Choice between prostatectomy and radiotherapy when men are eligible for both: a randomized controlled trial of usual care vs decision aid


  • Trial NTR1334

Correspondence: Julia J. van Tol-Geerdink, Department of Radiation Oncology (874), Radboud University Nijmegen Medical Center, PO Box 9101, 6500 HB Nijmegen, The Netherlands.



What's known on the subject? and What does the study add?

  • Many patients are eligible for more than one treatment option for prostate cancer. In usual care, urologists have a large influence on the treatment choice. Decision aids, providing balanced information on the pros and cons of different treatment options, improve the match between patient preferences and treatment received.
  • In men eligible for both surgery and external beam radiotherapy, treatment choice differed by hospital. Across the participating hospitals, the decision aid consistently led to fewer patients remaining undecided on their treatment preference and more patients choosing brachytherapy.


  • To examine the treatment choice for localized prostate cancer in selected men who were eligible for both prostatectomy and radiotherapy.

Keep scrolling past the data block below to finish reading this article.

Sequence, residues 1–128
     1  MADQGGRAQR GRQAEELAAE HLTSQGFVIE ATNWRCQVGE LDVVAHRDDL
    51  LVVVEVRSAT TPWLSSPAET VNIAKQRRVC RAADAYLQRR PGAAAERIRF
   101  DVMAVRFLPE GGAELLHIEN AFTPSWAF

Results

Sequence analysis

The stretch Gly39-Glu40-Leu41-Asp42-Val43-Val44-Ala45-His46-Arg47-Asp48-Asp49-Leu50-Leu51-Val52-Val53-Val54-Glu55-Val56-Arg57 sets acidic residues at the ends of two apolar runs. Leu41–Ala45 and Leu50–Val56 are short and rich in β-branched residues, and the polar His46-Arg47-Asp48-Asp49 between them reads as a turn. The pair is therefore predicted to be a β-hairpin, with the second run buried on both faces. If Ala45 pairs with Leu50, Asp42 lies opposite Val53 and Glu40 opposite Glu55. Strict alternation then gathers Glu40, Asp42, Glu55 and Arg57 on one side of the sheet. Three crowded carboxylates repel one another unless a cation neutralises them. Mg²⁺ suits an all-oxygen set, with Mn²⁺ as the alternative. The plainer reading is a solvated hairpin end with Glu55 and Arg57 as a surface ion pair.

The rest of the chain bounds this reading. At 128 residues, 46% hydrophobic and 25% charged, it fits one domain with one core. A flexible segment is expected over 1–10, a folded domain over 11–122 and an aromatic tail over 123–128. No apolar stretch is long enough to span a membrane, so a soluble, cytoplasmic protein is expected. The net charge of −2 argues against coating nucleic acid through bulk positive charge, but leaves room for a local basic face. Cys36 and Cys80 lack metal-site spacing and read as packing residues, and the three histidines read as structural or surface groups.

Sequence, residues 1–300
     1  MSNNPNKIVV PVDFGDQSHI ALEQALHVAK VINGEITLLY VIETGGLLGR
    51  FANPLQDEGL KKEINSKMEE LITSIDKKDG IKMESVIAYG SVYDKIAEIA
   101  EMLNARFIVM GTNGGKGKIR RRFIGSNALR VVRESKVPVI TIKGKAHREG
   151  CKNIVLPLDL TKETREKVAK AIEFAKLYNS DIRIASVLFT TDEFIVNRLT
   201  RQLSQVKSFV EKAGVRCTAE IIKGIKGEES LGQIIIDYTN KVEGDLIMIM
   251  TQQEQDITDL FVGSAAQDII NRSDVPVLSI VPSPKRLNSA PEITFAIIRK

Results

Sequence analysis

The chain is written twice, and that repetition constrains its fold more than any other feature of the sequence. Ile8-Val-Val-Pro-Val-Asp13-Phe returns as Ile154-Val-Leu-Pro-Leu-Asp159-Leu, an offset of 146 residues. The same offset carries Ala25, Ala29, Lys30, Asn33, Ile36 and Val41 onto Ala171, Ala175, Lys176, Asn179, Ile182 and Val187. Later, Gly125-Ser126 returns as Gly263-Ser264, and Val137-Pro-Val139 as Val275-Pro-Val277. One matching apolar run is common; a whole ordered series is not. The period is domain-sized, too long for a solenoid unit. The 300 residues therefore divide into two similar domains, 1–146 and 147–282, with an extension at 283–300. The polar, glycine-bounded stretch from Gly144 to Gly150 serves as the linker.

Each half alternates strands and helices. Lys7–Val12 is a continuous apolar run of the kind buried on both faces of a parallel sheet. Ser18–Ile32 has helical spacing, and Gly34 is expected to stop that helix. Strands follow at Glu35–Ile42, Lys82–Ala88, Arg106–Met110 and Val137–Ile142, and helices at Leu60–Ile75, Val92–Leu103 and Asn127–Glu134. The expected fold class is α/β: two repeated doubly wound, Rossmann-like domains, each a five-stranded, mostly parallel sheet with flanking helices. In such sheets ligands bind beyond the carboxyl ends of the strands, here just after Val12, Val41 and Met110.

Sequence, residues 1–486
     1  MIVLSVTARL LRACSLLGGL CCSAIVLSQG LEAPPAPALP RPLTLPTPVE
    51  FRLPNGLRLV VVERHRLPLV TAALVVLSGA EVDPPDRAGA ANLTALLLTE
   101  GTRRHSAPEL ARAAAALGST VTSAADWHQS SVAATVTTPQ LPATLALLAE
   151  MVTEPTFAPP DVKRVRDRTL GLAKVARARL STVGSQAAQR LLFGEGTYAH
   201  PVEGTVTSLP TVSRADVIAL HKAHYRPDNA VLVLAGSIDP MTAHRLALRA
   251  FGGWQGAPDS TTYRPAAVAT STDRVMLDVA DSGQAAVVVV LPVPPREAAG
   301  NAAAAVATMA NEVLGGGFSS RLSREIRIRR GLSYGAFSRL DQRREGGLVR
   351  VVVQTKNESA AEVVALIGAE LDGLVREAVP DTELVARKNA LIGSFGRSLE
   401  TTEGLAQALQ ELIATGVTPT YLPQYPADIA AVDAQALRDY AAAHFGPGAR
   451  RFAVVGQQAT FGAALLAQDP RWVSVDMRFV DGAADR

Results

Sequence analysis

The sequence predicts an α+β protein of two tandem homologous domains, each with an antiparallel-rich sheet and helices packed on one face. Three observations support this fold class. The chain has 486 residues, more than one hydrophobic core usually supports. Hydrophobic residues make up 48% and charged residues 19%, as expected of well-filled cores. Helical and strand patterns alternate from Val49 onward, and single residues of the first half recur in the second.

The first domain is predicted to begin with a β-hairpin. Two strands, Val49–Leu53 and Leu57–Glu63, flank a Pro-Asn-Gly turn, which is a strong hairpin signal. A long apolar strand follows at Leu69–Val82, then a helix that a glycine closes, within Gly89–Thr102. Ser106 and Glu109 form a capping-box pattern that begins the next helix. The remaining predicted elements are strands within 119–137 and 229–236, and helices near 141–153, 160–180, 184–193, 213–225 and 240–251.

• To examine whether increased patient participation, using a decision aid, affected the treatment choice.

Patients and Methods

  • From 2008 to 2011, 240 patients with localized prostate cancer were enrolled from three separate hospitals.
  • They were selected to be eligible for both prostatectomy and external beam radiotherapy. Brachytherapy was a third option for about half of the patients.
  • In this randomized controlled trial, patients were randomized to a group which only discussed their treatment with their specialist (usual care group) and a group which received additional information from a decision aid presented by a researcher (decision aid group). The decision aid was based on a literature review.
  • Predictors of treatment choice were examined.


  • Treatment choice was affected by the decision aid (P = 0.03) and by the hospital of intake (P < 0.001).
  • The decision aid led to more patients choosing brachytherapy (P = 0.02) and fewer patients remaining undecided (P < 0.05).
  • Prostatectomy remained the most frequently preferred treatment.
  • Age, tumour characteristics or pretreatment urinary, bowel or erectile functioning did not affect the choice in this selected group.
  • Patients choosing brachytherapy assigned more weight to convenience of the procedure and to maintaining erectile function.


  • Traditionally, patient characteristics differ between surgery and radiotherapy groups, but not in this selected group of patients.
  • Men eligible for both prostatectomy and radiotherapy mostly preferred prostatectomy, and the treatment choice was influenced by the hospital they visited.
  • Giving patients evidence-based information, by means of a decision aid, led to an increase in brachytherapy.